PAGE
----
Going into Noah, I knew little about it. I knew what it’s based on, obviously, and I knew that it was directed by one of my favourite directors Darren Aronofsky, and I did know who’s in it. Honestly, though, most of my interest in seeing this film can be summed up as me being curious as to what all the Christians are so angry about.
I am not a big fan of Russell Crowe, that much I’m sure of. He’s Channing Tatum with 0,5 more personality traits, but I do ocassionally see him in good films. Is Noah one of them, or is it a film that truly warrants the anger directed towards it? Well, from someone who really loves the work of Aronofsky, I’m actually rather positive about this one.
The plot, well, I’m sure you all know it. It’s the tale of Noah’s ark, the boat that saved two of every (yes, EVERY) animal during that time God was unhappy with his own creation and decided that drowning the Earth was the best thing to do. Crowe plays Noah, Jennifer Connelly is his wife Naameh, his sons Shem and Ham are played by Douglas Booth and Logan Lerman, his youngest child Japheth is played by Leo McHugh Carroll, and his adoptive daughter Ila is played by Emma Watson. There is also Anthony Hopkins as the grandfather, an ancient hermit who wants to warn Noah of God’s impending act of wrath almost as much as he wants some berries.
Noah’s family, of course, are the only pure humans left on Earth after all others have become corrupt and violent. Because of this, God himelf tasks Noah with rescuing all animals and putting them on an ark before He cleanses the world. In the film, we find out that he is assisted in the construction, not only by his family, but also an army of fallen angels encased in rock; creatures dreaded by humans but loyal to God. I thought these were interesting beings and it helps that they are one of several ways in which Aronofsky gives his own explainations as to how Noah was able to build such a huge ark all by himself. That is, not by himself at all.
The leader of the corrupt humans is a descendant of Cain – the Cain who killed Able – named Tubal-cain (Ray Winstone). He is a villain, one with the beard of Marco from the band Nightwish, but he ends up being somewhat useless once Noah (SPOILERS, proceed with caution) sort of becomes villainous himself. He becomes convinced that God’s will is that humanity was meant do die out entirely, and when Ila becomes pregnant with the child of Shem, he vows to kill the child if it is female and therefore able to carry the seeds of humanity. There’s also a subplot involving Ham, who envies Shem and Ila’s relationship and threatens to join the enemy and side with Tubal-cain as a result of his anger and jealousy. It’s not a love triangle, thank goodness; Ham’s just a lonely chap.
The thing about Darren Aronofsky is that I’ve never been able to pin-point a recurring style within his movies. When I say names like Alfred Hitchcock, Tim Burton or David Fincher, most of you will probably be able to picture a certain style inside your heads. Daronofsky’s movies, however, are so starkly different from one another that you probably can’t. Black Swan was very different from The Wrestler, The Wrestler was nothing like Pi, and so on. With this movie, though, you can tell one thing for sure from the way the film looks, sounds and feels: it was clearly directed by the guy who made The Fountain. Not that it’s a bad thing; The Fountain happens to be one of my favourite movies. I just felt like pointing out that this is the first time that I’ve been able to tell who made a film when that person is Darren Aronofsky.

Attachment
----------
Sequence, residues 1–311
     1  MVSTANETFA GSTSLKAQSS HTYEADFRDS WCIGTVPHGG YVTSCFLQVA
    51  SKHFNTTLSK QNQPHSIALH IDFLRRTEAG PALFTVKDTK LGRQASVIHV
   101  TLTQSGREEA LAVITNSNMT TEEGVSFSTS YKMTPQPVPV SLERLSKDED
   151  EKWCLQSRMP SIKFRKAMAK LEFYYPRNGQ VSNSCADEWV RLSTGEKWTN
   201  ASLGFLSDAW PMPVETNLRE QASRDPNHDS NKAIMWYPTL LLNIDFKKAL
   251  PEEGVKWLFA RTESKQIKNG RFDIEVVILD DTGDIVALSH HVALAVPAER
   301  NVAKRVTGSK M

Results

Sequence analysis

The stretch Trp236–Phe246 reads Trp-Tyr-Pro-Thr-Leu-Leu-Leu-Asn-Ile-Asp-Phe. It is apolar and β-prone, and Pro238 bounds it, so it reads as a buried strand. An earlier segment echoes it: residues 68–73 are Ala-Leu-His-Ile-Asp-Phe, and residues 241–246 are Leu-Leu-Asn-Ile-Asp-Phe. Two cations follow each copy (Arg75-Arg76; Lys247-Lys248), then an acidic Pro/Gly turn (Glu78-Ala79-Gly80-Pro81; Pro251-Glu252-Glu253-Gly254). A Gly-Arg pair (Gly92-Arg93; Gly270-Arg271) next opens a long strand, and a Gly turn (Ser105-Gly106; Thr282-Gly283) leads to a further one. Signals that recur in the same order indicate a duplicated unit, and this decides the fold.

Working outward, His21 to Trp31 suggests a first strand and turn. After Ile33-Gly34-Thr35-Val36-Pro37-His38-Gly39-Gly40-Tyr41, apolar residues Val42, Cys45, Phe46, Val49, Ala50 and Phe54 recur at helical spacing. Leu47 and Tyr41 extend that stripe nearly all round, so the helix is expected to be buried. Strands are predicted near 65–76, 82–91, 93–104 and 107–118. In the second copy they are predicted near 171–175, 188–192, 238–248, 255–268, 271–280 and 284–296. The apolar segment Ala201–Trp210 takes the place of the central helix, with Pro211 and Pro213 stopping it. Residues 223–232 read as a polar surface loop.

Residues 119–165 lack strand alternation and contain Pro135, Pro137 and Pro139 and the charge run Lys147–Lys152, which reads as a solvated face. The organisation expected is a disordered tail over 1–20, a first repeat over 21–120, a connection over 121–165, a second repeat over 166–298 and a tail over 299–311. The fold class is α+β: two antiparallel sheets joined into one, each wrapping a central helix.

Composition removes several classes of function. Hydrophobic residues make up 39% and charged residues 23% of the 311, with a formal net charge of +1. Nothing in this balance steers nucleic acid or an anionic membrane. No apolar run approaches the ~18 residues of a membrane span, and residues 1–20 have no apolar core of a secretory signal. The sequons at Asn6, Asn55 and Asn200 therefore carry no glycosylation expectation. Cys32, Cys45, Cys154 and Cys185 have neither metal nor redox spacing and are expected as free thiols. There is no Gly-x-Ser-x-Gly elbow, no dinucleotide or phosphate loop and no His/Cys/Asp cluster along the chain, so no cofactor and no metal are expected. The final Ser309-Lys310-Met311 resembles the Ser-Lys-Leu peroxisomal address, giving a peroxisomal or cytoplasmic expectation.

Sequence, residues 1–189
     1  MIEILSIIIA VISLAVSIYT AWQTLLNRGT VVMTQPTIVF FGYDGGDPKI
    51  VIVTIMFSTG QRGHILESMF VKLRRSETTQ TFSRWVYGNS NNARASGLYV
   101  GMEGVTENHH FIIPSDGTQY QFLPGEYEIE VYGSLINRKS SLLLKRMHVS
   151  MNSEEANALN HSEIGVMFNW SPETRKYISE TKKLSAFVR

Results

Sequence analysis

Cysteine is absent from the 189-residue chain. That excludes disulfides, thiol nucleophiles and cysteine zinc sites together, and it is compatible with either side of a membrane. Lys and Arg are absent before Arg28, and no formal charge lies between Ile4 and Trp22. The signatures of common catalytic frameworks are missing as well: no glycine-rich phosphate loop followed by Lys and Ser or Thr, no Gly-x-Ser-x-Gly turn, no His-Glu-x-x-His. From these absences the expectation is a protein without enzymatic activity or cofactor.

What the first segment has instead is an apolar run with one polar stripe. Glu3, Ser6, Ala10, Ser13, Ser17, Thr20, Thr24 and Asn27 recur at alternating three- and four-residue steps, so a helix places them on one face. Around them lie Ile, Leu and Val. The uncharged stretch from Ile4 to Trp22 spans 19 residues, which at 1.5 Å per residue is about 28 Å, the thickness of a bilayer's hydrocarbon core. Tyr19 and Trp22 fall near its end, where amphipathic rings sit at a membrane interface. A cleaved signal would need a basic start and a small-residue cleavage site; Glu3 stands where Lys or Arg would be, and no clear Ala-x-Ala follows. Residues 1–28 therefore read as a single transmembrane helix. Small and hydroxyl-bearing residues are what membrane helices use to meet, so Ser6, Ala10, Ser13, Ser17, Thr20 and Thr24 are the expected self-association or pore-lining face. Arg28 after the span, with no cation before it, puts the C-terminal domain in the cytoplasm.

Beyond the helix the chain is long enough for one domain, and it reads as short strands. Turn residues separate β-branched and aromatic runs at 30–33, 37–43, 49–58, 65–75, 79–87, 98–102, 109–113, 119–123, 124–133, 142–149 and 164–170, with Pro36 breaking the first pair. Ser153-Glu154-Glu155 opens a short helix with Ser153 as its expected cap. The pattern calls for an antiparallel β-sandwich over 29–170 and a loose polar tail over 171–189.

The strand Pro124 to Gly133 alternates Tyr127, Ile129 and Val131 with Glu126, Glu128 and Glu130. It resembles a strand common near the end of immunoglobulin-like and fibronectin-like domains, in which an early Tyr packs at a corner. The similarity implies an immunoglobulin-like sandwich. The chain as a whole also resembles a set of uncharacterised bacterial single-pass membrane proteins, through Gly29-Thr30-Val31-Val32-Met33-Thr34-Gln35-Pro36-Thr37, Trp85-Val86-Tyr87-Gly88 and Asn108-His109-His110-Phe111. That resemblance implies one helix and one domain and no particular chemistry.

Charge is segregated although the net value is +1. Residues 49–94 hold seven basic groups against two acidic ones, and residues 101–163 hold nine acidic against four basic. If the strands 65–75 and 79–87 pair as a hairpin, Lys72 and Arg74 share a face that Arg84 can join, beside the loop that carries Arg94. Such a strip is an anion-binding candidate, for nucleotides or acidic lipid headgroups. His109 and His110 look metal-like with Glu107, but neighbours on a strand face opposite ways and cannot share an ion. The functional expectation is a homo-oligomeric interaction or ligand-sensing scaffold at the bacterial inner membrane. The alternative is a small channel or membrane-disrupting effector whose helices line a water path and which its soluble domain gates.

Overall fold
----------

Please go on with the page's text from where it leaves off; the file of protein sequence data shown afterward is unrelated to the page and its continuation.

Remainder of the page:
The music by Clint Mansell, while not as memorable as, say, Requiem for a Dream or The Fountain, still complemented the visuals and action nicely and I mostly approved of it even though it’s nothing I’ll be humming to myself. The visuals, on that note, are marvelous. There are multiple time lapse sequences and montages depicting the creation of all things, Earth changing form to help Noah build his ark, and wars of both past and future. All of it looks astounding, is shot gorgeously and makes me hope Aronofsky one day makes a sequel to Koyaanisqatsi.
The acting I enjoyed as well, particularly that of Emma Watson and Anthony Hopkins. And yes, even Russell Crowe managed to pull through, especially towards the third act.
Even if Aronofsky did a fine job to justify and put some logic into aspects of it, as well as acknowledging the darker and more violent elements that most Christians stupidly choose to gloss over whilst telling it to kids, this is still a story written by people who thought that the sun orbited the Earth. As such, it might be wise not to think too hard whilst watching this. This trick doesn’t always work with movies, but Noah had just enough good stuff in it for me to approve of it in spite of whatever plot holes might still be left. I was enthralled by its visuals, its music and, yes, even the performances. The film is 2 hours and 20 minutes long, but doesn’t particularly feel it. Some scenes could have been cut for the sake of pacing and time, certainly, but overall this film managed to keep me interested for its lengthy runtime.
So, what exactly are the religious people angry about? Not sure, but it could be that Aronofsky tries to portray the Noah tale in a way that actually almost makes sense, and I suppose that anything having to do with sense isn’t true to the source material. I guess the only thing more hurtful than pointing out the plot holes of one’s favourite story is trying to spackle them up.
As much as I liked the movie, though, I must agree with my brother Oscar who pointed out that Noah basically becomes an angry teenager after he eventually loses his mind aboard the ark. To quote him more precisely: “He builds himself a giant treehouse and goes NO GIRLS ALLOWED.”